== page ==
Although I might have specific training sessions when working on a new behavior or refining one when a fast rate of reinforcement is important, I often don’t actually have training sessions. I have built a variety of behaviors by just setting rules and changing those rules to refine the behavior until it reaches the final variation.
Rio is really persistent when he wants to play, to the point of driving me nuts. I started by ignoring all the attempts to make me play in hopes that he would eventually stop… well, after three weeks of having every tennis ball, tug toy, and probably 1/3 of the stuffed toys in my lap by the time I went to bed I decided to change tactics. Having toys shoved in my lap and thrown at me for hours at night was more punishing than just throwing the darned ball but I didn’t want to become a slave to his drive. So I found a happy medium that reduces the number of throws I make and increases the work he has to do to get me to throw the ball.
Rio has this really quite hilarious behavior when he has multiple tennis balls to retrieve. He will shove one in his mouth, try really hard to jam the second in, eventually he will give up. He then drops the ball he has and picks up the other one, while putting his paw on the one he just dropped. He then stairs at the one under his paw… and the cycle happens again. Sometimes he tosses the ball in his mouth closer to me, picks up the one under his paw then puts is paw on the one he just tossed (which gets him closer to me). The entire time he is staring and thinking desperately about how he can get more than one ball back at a time. It clearly takes a lot of brain power to work through the process–add in 3 or 4 other tennis balls into the mix and it gets even MORE entertaining.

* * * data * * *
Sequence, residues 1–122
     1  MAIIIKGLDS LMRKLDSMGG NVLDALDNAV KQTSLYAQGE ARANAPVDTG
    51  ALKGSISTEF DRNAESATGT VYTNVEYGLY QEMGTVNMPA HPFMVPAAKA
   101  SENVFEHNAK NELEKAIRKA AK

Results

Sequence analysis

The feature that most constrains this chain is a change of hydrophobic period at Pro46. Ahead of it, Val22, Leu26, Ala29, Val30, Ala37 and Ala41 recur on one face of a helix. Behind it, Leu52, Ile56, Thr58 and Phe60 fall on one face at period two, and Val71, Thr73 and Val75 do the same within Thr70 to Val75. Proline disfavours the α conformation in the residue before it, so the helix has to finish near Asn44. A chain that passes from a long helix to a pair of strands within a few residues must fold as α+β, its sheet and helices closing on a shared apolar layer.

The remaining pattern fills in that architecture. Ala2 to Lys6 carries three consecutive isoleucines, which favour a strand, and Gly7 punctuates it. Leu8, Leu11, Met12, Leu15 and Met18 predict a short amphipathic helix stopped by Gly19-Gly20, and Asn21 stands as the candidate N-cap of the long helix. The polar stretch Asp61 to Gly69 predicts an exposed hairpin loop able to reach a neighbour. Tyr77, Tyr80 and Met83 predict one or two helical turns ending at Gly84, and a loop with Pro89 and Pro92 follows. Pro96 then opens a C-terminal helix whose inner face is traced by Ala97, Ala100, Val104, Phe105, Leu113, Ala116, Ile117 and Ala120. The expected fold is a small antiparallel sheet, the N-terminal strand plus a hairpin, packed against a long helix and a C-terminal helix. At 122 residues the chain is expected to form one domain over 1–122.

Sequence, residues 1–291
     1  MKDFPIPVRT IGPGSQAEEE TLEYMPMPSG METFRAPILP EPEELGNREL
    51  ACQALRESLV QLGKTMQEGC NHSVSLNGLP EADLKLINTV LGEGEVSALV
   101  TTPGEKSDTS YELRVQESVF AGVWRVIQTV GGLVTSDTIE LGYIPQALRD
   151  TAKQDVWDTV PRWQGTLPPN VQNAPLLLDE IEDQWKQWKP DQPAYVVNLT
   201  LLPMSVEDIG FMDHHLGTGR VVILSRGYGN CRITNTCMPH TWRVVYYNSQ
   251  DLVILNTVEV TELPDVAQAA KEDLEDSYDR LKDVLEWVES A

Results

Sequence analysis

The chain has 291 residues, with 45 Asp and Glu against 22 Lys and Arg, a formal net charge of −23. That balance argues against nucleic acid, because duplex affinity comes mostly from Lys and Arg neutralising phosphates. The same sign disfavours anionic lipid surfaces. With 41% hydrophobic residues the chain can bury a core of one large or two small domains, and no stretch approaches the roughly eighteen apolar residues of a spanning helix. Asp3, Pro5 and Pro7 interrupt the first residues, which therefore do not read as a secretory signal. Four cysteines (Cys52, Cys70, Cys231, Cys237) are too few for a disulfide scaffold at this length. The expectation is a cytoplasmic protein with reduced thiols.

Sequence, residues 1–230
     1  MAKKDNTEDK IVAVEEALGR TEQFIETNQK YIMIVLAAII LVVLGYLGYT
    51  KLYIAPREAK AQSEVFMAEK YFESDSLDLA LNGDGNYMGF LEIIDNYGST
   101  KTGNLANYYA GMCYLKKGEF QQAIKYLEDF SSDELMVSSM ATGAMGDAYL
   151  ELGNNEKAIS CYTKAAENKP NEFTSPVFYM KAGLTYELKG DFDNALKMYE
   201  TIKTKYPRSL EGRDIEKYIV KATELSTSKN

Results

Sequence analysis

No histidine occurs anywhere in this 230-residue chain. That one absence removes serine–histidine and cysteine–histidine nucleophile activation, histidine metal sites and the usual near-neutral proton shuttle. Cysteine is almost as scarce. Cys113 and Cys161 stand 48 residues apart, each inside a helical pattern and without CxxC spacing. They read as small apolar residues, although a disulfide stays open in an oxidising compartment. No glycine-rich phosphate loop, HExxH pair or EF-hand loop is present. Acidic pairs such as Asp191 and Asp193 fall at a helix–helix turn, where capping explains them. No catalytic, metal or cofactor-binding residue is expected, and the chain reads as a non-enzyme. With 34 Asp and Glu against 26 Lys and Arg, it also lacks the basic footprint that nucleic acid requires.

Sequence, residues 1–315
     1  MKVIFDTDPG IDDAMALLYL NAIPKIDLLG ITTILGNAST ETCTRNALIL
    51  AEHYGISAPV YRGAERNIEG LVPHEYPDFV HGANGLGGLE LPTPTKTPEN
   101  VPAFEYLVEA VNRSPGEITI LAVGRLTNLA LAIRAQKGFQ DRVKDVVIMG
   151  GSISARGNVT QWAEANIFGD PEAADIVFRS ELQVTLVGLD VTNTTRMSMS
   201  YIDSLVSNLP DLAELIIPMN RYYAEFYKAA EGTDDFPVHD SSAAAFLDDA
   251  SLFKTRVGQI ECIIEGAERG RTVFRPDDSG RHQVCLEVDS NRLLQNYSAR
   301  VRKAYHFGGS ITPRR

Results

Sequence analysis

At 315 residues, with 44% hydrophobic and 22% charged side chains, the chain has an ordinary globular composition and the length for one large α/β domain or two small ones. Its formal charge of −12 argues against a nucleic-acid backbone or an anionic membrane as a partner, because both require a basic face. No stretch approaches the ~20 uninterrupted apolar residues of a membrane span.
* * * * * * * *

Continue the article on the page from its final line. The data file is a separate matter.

What does that have to do with me not wanting to play ball anymore? Well, a few weeks ago I started working on setting new rules for our game. In order for me to throw the tennis balls he must retrieve all the ones I had previously thrown. I started with throwing two tennis balls simultaneously a short distance and watching has he went through the aforementioned process of bringing me back a ball. Knowing he would eventually go back and get the other one, I simply waited and as soon as I had both of the tennis balls before throwing them.
Over the course of the few weeks, I gradually increased the number of tennis balls I would throw at once. Each time I added another tennis ball, it would take him longer to retrieve (since if there were still more than one ball to choose from he’d revert to the ball in the mouth/ball under paw process). Now, I throw 5 tennis balls at a time and it takes him quite a while to retrieve them all–inevitably the last two will have bounced around and ended up hidden in corners and under chairs. He gets the game quite nicely now and we have found a happy medium… I don’t have to throw as often and I don’t, unintentionally, end up with all the toys in my lap. A pleasant by-product of this new game is that he gets tired more quickly because he’s using more brain power, is making more trips to retrieve the tennis balls, and is using his nose to sniff out those that have gotten lost.
By simply instilling new rules, I was able to build a new behavior. No training sessions needed… just clearly defined rules that were increased incrementally and rewarded with some life rewards. I taught door manners, dinner manners, and car manners in a very similar manner–I set rules that were easy to achieve (likely to happen) naturally during everyday occurrences, rewarded with life rewards, and then began to change the rules to further refine the behavior.
I’m going to keep the poll up for another day or two, if you haven’t already voted, please do… if you have other requests, either comment to the poll or comment to this post!